Ideal population

Ian Maxfield (Letters, 20 June) asks a few simply answered questions about over-population. How many children per couple? Answer: two. This number will replace the parents. Given that many people have no children, the world’s population will gradually shrink.

How old should people get? Answer: let nature take its course. After the Biblical three-score years and ten then abuse-free assisted dying should be legally available to those who so wish it.

How would population control be administered and paid for? Answer: self-administered, with no taxpayer support for the third or more child.

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What is the ideal size of population?

Answer: one which has a healthy age profile; and one which is and remains small enough as to enable its nation to be self reliant in matters of food, energy, services and wealth creation/distribution.

Maxwell’s remaining questions about reproductive technology, surrogacy, sterilisation and abortion are important in themselves but are marginal if it is agreed that problems such as global warming, wars, mass migration and pandemics are largely a consequence of too many people chasing too few resources.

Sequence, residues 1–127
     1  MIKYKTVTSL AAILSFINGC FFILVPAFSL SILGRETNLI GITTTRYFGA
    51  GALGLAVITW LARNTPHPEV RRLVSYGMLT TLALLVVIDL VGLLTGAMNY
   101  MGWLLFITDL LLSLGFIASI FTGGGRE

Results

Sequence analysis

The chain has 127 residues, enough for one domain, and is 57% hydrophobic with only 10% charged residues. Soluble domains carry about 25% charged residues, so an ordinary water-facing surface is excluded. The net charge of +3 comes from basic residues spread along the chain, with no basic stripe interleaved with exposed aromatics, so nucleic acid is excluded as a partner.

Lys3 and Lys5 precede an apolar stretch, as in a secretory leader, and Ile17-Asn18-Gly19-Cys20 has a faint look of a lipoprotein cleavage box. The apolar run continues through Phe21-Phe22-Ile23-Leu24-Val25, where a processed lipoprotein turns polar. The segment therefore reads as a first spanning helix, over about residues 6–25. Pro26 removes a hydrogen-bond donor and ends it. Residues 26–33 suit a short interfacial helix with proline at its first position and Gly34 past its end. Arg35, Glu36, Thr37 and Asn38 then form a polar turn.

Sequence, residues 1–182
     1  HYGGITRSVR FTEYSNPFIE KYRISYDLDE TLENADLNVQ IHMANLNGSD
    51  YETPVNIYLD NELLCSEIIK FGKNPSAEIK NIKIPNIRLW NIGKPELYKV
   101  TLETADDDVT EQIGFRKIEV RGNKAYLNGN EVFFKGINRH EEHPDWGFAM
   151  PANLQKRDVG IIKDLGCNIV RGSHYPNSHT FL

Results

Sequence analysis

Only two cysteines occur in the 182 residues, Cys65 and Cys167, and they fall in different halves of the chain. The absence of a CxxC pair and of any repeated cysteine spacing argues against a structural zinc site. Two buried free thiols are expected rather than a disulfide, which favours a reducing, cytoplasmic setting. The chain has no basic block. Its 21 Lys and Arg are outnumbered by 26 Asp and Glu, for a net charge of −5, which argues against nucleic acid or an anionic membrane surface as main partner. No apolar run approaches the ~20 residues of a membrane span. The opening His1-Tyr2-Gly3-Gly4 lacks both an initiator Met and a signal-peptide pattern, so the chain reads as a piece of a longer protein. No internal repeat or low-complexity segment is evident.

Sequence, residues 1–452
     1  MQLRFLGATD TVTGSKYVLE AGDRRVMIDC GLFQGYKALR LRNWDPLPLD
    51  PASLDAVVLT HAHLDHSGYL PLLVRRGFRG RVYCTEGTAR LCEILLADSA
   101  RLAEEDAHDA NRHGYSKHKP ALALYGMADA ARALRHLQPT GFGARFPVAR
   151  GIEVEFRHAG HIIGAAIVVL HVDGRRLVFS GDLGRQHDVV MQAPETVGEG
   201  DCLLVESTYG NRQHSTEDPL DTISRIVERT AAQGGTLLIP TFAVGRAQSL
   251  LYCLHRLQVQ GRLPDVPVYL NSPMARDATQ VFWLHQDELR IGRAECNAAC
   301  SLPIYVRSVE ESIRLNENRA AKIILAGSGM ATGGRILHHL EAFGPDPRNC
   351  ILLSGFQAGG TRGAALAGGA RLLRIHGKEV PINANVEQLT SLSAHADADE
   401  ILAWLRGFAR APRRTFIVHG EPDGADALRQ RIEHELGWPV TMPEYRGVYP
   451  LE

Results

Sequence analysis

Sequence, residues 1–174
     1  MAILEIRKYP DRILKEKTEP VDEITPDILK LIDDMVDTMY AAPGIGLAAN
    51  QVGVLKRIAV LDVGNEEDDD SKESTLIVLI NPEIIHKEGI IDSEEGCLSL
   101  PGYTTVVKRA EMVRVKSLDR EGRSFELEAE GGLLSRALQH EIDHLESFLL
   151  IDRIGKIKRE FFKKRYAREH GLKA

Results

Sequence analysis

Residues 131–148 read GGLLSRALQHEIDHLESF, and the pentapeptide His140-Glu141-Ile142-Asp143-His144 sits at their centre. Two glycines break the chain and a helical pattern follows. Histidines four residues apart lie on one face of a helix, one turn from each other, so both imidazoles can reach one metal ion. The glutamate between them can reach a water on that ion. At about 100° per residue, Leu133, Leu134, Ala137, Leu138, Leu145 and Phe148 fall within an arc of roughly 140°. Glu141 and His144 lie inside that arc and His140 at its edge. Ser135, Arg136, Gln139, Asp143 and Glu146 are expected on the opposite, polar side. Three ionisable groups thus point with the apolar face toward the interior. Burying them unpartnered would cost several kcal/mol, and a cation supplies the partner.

At some point Malthus will be proved correct. I don’t want me or mine, or you and yours, to be around when that awful day 
arrives, so let’s pre-empt it.

Tim Flinn


East Lothian

Ian Maxfield’s irresponsible letter denying the danger of overpopulation is as scare-mongering as some of the Malthusians of yesteryear, whose doom-laden prophecies proved premature (though may yet happen).

Most countries, including our own, have “skewed gender 
ratios” (a slight excess of females), for varied reasons. So what? That some countries have achieved fertility rates below replacement level is cause for rejoicing. If only all achieved this.

Maxfield fears an ageing population, so raise retirement age.

That it is developed countries with emancipated women which have low fertility shows how to control population: end poverty and support women’s rights. None of Maxfield’s spectres is anything to be afraid of.

But a soaring population that is consuming this planet’s finite mineral resources, destroying its forests, depleting its fish stocks, polluting its environment and changing its climate is something to be terrified of.

And the fact that it is the 1.2 billion living in developed societies who are responsible for most of this destruction suggests an upper limit to Maxfield’s final question.

Stephen Moreton

Great Sankey

Warrington, Cheshire